FIVE DEAD PEOPLE I WISH I HAD KNOWN
Gandhi: I swear I love this guy. Maybe I’m just partial because I’m a fellow vegetarian, but I seriously find all of his efforts phenomenal. In a day and age where we’re fighting not just civil and border wars, but spiritual ones as well, there is much that we can learn from Gandhi’s efforts with peaceful non-cooperation. Sometimes the best thing to do is to be still when everyone else is constantly moving.
Freddie Mercury: Ok, so I’ll admit it. My dad has impeccable taste in music, and I was fortunate enough to have been raised on it. One of my favorite things about Freddie Mercury aside from his insane musical abilities and stage performance was his ability to stay a public figure with such a private life. Although many stars and celebrities nowadays are beyond flashy with their lives, it’s amazing to look back at this entertainer and see someone so amazingly talented be able to keep his life as private as possible.
Marilyn Monroe: Here I join the masses. There are hundreds of thousands of people who are beyond in love with Marilyn for her sultry voice and her volumptious body, but I can’t help but adore her for who she was. (What a cliché…but completely true.) I’ve read a few books on her and think that she was a total mastermind. She knew what worked for her and she went with it. Though people believe her to have been the sexy dumb blonde of film, she was really a brilliant businesswoman who allowed her flaw to be her career.
Lee Strasberg: I would have loved to have been able to meet Lee Strasberg. Outside of writing I work as an actor and study Strasberg method. My coach is beyond phenomenal and actually trained with one of Lee’s assistants, but how cool would it have been to have learned from the originator? It would’ve been awesome to have been able to sit down and talk about sensory work with this mastermind.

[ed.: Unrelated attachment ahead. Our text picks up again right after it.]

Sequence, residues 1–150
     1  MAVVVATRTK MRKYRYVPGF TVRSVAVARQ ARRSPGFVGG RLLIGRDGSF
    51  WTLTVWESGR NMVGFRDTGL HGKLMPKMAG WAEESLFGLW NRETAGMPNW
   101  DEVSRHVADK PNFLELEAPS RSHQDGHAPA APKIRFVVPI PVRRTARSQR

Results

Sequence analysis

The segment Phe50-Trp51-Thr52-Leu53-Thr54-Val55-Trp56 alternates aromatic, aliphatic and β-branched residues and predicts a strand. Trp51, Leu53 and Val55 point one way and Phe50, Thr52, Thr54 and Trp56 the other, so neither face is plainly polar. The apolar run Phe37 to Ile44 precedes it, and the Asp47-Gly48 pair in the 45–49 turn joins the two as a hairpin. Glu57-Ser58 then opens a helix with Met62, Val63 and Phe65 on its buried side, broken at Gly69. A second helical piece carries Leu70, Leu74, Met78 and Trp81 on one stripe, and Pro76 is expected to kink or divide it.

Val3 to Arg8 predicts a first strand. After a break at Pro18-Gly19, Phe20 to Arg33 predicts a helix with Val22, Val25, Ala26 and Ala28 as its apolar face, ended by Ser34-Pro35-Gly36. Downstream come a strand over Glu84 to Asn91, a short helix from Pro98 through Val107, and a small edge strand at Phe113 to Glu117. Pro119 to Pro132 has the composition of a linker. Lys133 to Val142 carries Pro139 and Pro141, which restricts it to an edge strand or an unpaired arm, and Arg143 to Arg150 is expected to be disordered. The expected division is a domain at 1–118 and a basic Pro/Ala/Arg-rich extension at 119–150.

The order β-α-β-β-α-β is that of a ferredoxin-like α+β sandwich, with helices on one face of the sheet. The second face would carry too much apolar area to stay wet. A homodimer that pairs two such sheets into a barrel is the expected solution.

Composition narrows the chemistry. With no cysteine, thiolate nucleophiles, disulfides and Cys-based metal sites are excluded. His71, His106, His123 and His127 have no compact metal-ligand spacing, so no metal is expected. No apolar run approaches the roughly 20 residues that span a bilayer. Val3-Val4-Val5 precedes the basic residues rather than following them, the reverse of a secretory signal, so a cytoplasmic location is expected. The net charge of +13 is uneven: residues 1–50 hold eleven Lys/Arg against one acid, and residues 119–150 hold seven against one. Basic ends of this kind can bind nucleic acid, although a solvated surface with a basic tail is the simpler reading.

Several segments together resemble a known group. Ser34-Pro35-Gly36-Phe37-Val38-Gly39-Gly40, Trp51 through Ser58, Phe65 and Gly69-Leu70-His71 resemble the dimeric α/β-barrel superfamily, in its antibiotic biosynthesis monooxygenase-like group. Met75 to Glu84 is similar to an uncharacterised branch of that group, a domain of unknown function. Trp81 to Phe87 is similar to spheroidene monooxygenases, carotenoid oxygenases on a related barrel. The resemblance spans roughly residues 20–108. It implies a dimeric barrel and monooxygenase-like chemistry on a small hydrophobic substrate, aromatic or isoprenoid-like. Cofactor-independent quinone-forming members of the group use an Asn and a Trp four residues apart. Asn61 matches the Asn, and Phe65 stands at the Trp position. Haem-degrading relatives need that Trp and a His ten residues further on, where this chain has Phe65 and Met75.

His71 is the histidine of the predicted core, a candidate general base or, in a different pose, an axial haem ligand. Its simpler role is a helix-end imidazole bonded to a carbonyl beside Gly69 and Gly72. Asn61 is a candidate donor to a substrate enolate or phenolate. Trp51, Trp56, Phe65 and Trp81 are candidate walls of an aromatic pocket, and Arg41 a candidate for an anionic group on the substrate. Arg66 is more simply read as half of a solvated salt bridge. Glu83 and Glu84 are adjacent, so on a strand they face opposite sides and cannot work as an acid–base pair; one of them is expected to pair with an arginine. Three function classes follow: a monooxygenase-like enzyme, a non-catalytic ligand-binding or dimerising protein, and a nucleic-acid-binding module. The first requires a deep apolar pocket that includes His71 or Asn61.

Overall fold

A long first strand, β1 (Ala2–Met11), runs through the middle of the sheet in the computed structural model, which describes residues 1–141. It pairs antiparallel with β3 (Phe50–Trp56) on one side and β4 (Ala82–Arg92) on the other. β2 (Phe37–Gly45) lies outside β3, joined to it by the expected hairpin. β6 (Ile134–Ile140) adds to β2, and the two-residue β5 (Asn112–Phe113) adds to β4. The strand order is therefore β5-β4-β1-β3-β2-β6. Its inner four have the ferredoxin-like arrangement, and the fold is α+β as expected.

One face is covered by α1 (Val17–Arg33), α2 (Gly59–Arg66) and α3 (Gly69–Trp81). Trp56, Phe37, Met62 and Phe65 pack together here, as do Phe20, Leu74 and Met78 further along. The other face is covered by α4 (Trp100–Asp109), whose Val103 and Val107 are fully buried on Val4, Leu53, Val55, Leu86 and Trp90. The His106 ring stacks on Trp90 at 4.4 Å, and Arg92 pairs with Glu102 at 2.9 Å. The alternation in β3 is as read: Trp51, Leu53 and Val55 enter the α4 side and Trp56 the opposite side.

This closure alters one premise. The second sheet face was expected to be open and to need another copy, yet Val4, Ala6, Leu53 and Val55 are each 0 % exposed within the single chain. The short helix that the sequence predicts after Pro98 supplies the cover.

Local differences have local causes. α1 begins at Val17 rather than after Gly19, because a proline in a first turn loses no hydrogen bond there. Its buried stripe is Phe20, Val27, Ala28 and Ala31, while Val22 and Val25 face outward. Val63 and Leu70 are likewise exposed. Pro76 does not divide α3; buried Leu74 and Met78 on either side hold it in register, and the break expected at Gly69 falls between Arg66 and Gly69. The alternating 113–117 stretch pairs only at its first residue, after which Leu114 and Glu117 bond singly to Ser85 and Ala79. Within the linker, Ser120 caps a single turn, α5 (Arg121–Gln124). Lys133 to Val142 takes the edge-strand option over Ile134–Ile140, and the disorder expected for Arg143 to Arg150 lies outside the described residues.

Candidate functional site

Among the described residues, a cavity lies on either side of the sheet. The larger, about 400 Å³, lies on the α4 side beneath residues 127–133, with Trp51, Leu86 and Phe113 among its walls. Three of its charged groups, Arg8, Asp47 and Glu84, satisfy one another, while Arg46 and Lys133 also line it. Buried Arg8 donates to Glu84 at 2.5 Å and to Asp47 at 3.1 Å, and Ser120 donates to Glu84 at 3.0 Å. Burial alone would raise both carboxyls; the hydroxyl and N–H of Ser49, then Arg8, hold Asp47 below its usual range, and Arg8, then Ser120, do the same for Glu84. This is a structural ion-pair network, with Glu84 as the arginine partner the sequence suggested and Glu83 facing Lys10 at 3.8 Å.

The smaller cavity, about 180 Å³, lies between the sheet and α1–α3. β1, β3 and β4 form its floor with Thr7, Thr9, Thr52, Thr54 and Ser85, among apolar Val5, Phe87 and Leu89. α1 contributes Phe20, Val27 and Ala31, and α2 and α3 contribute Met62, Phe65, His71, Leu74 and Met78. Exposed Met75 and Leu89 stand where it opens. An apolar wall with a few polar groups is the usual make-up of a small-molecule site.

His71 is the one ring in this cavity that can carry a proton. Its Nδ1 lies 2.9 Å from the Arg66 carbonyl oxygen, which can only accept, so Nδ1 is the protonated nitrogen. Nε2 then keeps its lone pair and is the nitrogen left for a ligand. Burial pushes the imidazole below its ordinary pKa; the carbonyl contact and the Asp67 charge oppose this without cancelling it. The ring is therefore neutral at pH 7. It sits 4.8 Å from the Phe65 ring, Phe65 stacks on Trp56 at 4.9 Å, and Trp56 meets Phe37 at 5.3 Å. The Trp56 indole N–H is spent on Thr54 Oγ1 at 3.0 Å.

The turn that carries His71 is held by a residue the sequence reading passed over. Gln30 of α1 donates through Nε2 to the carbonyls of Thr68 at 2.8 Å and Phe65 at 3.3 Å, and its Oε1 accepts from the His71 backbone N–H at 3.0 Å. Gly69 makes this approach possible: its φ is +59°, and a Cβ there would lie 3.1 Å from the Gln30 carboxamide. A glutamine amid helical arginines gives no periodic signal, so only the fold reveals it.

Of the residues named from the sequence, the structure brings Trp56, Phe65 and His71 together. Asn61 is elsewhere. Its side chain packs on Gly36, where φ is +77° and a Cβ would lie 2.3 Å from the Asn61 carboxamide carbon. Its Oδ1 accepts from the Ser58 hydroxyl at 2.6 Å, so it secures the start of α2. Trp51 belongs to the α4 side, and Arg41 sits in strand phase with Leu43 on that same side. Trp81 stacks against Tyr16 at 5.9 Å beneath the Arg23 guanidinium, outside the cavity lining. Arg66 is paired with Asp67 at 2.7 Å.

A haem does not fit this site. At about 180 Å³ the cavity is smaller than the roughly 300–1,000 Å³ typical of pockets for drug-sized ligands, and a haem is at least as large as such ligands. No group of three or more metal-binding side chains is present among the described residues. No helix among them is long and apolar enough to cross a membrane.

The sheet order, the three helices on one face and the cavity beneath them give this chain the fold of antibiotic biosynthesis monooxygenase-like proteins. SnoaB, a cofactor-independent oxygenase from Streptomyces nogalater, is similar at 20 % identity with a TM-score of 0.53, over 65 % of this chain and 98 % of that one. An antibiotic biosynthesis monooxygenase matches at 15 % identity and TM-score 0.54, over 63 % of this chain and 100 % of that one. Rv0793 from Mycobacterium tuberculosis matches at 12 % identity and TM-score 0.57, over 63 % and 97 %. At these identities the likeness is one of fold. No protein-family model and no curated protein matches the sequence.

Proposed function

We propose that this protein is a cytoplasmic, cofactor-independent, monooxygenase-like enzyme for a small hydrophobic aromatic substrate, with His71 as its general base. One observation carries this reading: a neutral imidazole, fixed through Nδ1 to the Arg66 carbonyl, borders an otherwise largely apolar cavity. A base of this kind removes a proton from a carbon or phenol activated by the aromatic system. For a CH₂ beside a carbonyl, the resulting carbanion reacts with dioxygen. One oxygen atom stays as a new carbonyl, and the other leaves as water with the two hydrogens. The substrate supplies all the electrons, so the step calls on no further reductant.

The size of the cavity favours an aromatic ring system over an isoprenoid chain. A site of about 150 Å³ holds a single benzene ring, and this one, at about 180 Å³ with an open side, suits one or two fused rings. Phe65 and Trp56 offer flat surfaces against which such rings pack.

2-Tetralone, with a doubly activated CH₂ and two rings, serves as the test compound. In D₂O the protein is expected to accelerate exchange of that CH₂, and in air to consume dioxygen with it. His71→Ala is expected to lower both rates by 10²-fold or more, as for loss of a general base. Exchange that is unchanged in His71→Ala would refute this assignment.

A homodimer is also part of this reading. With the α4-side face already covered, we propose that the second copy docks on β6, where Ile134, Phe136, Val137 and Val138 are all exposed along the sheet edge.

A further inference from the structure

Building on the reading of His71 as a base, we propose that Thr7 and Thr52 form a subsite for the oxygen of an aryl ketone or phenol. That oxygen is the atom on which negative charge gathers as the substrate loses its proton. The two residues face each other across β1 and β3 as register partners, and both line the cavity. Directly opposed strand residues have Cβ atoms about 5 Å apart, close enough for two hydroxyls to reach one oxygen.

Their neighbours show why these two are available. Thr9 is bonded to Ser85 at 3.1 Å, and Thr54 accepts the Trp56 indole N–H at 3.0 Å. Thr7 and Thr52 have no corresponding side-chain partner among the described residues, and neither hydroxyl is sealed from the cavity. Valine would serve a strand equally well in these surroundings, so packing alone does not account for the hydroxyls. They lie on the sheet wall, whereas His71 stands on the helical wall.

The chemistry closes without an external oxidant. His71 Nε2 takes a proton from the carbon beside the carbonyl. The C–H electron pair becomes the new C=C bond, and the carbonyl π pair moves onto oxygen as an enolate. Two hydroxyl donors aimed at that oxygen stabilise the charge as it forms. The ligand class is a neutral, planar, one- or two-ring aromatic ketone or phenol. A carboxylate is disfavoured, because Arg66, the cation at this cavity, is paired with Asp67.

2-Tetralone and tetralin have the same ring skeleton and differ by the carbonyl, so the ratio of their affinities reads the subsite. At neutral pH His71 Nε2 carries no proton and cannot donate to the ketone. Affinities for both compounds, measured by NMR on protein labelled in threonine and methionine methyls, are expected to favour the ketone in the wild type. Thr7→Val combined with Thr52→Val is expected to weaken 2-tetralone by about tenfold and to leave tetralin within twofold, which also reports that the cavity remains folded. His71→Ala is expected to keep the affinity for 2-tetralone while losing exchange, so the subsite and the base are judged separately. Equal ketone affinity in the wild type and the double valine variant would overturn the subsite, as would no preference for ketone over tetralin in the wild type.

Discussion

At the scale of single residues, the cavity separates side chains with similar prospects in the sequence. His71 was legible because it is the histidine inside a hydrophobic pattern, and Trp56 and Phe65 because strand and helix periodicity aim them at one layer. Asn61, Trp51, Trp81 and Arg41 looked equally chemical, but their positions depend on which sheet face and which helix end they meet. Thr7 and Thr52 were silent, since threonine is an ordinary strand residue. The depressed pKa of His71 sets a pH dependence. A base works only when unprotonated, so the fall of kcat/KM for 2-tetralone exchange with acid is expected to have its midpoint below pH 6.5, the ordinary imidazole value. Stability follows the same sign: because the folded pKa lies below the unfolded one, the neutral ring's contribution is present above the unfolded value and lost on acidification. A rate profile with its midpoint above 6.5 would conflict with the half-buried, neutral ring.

Anne Frank: Anne is probably my number one of people that I would’ve loved to have been able to meet. While I really loved her story growing up, I was even more impacted by it when I visited her annex in Amsterdam. I know it sounds strange, but I really do love anything WW2 related (IE Sarah’s Key for example). Maybe it’s simply the fact that my granddad fought in it and his DNA passed along to me and gave me an interest. Personally I believe that it’s the most important moment in history for people to look back on and gain insight. The world is constantly changing and forgetting, and we’re constantly recreating the past. The past always repeats itself, and the human race is always quick to jump on the prejudice bandwagon, be it for socioeconomic or racial reasons. If anything we should look back at WW2 and remember, if not for anything that to realize that this is not a moment in history that needs repeating. We are all humans and NONE of us has chosen the skin we’re in, we simply learn to live within it.
ABOUT THE BOOK
“Look at those fish,” she said, diverting her attention towards the creek.
“What about them?” I asked her.
“They’re just swimming along. Living. Breathing. I wonder,” she said as she nudged her shoulder against mine, “If they know what purpose they serve.”
“Well, they probably don’t.”
“Because, they’re fish?”
“Don’t think so low of the marine species.”
“Zippy, they’re little minnows. They’re so little they probably only live a few months. Why worry about their place in life.”
“I don’t know. Something of the simplicity of them is nice though, you must admit.” She gleamed ear to ear, “Imagine, if you were a little minnow, swimming down the creek.”
“I have no clue. Do you really think there’s something out there that really cares about this little fish. Or even, you know, something out there that is looking down at us, talking about us like we’re little fish. Just tiny little minnows swimming down a stream, unsure of what fate lies ahead of us?”
GIVEAWAYa Rafflecopter giveaway
There is a tour wide giveaway. Prizes include the following:
● $10 Amazon Giftcard
● 2 eBook copies of Following Zippy